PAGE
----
Of course, it won’t be the first time Hindley has started the Giro’s final time trial in pink: two years ago, he famously conceded the maglia rosa on the last day after losing the race of truth to another Ineos rider, Britain’s Tao Geoghegan Hart, when the two started level on time after 20 stages.
With only three seconds separating Carapaz and Hindley going into the penultimate stage, the latter’s clinical ride on the Marmolada will give him a near-unassailable buffer – even in the event of the rainy forecast.
Hindley’s gap of 1:25 ahead of the 17.4km ITT should mean that even a bad day in the office – or a Denis Menchov-style crash in pink – will not stop the 26-year-old from becoming the first Australian to win the Giro d’Italia following what he described as an “epic” day in the Dolomites.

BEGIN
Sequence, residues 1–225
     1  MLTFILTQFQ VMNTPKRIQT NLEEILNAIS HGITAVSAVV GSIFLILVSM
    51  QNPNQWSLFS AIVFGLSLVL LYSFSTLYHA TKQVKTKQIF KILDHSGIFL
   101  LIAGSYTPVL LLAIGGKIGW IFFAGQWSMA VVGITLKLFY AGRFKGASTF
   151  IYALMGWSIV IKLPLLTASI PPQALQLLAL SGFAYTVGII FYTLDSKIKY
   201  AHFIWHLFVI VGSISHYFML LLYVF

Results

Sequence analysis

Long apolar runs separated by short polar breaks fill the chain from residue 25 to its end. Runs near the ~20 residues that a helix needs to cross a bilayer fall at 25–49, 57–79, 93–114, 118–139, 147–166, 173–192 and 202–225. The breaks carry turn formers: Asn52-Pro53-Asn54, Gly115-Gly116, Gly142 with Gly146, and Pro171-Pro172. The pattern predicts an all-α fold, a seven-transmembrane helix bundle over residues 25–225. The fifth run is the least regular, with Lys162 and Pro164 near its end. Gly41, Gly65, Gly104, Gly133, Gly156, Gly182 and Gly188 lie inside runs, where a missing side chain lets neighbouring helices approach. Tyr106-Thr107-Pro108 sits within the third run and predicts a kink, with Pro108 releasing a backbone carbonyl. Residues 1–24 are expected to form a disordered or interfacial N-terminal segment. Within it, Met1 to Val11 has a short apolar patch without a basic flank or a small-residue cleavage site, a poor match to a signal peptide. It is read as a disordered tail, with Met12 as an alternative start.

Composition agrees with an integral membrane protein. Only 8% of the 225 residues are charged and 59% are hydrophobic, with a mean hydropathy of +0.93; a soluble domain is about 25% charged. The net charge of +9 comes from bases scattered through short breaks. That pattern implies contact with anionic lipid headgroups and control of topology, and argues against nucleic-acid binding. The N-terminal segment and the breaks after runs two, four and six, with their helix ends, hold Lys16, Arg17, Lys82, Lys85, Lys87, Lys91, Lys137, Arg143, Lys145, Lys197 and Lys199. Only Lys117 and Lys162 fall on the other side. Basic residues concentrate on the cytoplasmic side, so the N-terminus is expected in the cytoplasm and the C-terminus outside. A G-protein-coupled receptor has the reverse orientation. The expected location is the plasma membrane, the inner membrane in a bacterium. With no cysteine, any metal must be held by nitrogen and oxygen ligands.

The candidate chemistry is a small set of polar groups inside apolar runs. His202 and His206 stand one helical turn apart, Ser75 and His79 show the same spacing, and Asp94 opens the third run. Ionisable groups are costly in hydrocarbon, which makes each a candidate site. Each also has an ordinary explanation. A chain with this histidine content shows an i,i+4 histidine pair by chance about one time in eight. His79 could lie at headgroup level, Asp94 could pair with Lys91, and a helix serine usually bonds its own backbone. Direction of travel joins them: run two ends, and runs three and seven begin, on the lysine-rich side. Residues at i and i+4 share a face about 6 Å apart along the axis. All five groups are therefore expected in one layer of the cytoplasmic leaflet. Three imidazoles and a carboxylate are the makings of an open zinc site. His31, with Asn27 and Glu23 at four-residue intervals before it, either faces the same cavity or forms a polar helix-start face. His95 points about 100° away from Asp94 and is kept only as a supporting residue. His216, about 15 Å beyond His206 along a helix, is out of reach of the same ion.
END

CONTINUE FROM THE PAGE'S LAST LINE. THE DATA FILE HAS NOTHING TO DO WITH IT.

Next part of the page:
'I'll die for the jersey tomorrow!' - Hindley ready to do everything to seal Giro victory
“I knew this was going to be the crucial stage of the race,” Hindley said before stopping his post-race interview to celebrate with a Bora-Hansgrohe teammate.
“It was a brutal finish,” he continued as a pink jersey was thrown onto his lap. “If you had the legs you could make the difference. We stayed patient and we saved our matches until today. It was perfect. We had Lenny [Kamna] in the breakaway and he couldn’t have timed it better to drop back and give me a boost up the road. When I heard that Carapaz was dropping the wheel, I went all out. It was an epic stage.”